The point is that there are a lot of things you can do. You have to decide what the desired effect is, then use lighting and post-processing to achieve that.


The same question I was asking some time ago :)

  1. You have poor and too direct (harsh) light. Buy some speedlight and softbox, or move your thing to room where you have a lot o natural light and make the light "equal" on whole image of thing.

  2. Place your camera exactly where is should be, in this case exactly in center of your thing.

  3. Don't move your camera while taking picture - tripod is a must in product photography.

  4. Make some good postproduction. Set proper white balance, constrast, etc.

There is a lot of small variables, and the more you will care about most of them, the better your pictures will be.

By the way, this is what I did with your picture in minute (with Darktable software). Post production is a must today, and here http://pastebin.com/mWYFCPaW is my config for this picture.

Be patient, be aware, and prepare for a very long journey :)

enter image description here


Hum. I hope this does not sound rude.

Do you really think that the camera makes the photos to be dull?

I tried every way from changing the settings

Do you know what the settings are for? Well, does not matter at this point. For now just stick with the "A" option (Aperture priority)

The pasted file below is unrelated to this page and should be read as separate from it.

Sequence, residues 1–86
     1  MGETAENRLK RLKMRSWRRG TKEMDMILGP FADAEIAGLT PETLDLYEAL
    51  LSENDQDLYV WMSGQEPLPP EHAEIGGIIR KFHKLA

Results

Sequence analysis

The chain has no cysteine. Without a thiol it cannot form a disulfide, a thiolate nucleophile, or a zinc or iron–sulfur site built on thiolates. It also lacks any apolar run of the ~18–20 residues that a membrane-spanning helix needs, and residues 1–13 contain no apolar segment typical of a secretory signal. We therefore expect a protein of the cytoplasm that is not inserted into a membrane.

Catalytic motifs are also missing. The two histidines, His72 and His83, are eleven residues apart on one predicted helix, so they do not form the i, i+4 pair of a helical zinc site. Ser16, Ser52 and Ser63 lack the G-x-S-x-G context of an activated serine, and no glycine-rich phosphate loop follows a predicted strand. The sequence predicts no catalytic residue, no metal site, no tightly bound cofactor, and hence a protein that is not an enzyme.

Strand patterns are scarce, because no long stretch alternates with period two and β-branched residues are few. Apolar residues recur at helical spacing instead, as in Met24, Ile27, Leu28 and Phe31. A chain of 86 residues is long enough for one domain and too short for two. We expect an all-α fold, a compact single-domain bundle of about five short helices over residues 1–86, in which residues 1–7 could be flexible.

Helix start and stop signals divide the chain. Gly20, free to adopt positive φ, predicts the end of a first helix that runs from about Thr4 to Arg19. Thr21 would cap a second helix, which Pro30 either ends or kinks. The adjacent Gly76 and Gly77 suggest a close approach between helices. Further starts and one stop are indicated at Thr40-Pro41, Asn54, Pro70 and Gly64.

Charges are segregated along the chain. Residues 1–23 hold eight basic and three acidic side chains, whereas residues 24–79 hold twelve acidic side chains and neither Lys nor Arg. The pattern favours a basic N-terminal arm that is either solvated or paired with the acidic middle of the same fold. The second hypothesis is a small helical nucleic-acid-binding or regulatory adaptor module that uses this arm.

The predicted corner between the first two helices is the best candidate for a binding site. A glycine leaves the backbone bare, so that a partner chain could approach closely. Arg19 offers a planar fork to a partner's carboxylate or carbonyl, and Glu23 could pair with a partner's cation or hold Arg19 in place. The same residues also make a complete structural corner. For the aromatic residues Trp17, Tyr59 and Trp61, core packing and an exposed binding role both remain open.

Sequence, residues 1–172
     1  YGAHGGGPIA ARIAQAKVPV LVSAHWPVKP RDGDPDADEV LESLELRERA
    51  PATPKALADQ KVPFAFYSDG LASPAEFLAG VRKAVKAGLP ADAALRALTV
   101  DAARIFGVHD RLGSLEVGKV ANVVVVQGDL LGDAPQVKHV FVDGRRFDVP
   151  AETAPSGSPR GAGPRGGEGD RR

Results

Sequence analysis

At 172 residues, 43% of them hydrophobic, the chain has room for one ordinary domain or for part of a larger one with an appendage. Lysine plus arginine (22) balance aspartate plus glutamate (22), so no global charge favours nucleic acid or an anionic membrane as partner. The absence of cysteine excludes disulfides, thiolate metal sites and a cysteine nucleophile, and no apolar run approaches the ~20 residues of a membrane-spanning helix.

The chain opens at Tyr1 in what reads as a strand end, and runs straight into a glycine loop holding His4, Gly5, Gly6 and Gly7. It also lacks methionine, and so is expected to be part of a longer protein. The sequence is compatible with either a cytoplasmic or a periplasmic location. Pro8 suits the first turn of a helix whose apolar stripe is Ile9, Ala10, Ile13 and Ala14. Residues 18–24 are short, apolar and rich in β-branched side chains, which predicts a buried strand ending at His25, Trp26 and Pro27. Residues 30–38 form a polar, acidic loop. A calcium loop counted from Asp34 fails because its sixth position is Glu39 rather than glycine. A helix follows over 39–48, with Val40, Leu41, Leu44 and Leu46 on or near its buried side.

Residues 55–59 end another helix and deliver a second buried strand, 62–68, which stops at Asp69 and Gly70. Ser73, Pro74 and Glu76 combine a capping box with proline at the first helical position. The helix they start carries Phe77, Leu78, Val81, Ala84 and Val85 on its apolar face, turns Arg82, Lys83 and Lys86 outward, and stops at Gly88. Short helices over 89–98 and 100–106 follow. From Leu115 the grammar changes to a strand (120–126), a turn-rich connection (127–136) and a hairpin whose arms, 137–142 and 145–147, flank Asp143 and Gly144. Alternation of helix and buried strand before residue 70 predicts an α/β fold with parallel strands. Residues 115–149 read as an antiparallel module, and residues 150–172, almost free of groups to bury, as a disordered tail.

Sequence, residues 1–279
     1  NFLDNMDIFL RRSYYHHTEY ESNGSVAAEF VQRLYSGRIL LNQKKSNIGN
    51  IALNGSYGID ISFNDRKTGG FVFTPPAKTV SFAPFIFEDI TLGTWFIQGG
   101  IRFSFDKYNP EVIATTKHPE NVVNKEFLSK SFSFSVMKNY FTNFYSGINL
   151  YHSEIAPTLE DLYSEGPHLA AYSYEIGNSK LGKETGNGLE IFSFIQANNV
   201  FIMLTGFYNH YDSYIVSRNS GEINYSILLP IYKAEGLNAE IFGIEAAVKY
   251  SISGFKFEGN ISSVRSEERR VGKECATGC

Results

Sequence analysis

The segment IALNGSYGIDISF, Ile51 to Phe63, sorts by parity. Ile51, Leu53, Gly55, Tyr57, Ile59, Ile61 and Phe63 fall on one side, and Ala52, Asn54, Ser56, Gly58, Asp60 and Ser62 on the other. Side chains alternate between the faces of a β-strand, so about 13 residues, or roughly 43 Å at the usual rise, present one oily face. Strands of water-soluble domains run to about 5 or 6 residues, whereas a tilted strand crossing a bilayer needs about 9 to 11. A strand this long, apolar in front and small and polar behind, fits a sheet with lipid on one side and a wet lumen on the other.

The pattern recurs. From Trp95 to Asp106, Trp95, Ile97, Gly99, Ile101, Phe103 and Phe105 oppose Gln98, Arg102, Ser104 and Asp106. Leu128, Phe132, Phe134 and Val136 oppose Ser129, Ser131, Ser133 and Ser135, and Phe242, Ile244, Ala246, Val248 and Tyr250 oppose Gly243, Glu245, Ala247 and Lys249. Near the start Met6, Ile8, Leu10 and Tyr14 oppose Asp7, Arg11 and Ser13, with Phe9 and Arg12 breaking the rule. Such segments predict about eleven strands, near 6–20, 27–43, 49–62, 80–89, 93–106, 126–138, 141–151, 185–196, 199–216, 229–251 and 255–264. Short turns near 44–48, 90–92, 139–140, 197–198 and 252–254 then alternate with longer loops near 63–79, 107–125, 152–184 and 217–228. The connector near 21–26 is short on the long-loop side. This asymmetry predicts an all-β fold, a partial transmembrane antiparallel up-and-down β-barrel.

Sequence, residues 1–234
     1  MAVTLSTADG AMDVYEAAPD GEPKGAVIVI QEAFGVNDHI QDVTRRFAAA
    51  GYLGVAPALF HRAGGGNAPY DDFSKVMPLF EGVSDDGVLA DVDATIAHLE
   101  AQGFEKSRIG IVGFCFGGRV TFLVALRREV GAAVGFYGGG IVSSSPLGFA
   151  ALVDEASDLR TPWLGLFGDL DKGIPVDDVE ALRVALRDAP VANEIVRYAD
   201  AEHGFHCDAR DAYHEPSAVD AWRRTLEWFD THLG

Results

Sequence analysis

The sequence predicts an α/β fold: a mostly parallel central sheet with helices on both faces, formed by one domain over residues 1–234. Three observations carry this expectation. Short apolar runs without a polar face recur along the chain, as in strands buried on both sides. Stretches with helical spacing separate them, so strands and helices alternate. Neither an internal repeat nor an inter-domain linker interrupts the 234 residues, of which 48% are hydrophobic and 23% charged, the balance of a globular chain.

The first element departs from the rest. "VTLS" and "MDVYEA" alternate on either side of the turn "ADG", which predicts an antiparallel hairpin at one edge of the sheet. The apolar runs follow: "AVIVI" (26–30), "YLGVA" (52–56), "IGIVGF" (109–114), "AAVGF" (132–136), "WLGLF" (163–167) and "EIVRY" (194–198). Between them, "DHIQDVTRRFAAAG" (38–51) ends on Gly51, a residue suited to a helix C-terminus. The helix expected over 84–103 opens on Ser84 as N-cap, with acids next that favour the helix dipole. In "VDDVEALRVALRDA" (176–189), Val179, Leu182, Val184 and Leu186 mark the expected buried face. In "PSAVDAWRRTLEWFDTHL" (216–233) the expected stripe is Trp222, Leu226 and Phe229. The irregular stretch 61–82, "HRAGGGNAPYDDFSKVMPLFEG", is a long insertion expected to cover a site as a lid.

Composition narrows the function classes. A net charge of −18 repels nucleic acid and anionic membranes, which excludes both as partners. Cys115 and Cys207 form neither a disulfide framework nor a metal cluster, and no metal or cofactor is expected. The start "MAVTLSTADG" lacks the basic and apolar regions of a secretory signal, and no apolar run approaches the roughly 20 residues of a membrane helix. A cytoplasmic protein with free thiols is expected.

Trying all the rooms in my house

This potentially work. But why don't you post some examples of each room and help us help you see the diferences?

to buying a new photography light box.

Again, this potentially work... Where is the example of that light setup... What is that light setup about? Some external flashes? A light tent? The only image you linked is using the built in flash, which almost never work.

I need my pictures to look professional and catchy.

Hum. For a photo to be porefessional needs to be so.


The good news is that you do have the notion that lighting is the most basic flaw of your photo.

Turn off the built in flash. Every other option will look better than that.

Put the cake next to a window, with natural daylight light. Direct sunlight? Not in direct sunlight? That needs to be experimented. Probably start with indirect sunlight.


Make a simple google search of cake photography https://www.google.com/search?q=cake+photography and see the results.

Move yourself, put the cake next to a window and let that window show, use a wood table use the white backdrop you have, move down, move closer, move further away...

Making adjustments later

You can always adjust contrast and saturation later. Normally this two things makes a photo more "catchy", but the previous steps makes a photo more "pro".

pictures to look professional

Wellcome to the world of photography. This goal could be achived practicing and seeing, seeing and practicing.

Make some changes on what are you currently doing. Any change will improve. Also will have new problems with it, but you can then ask for more specific issues and improve further.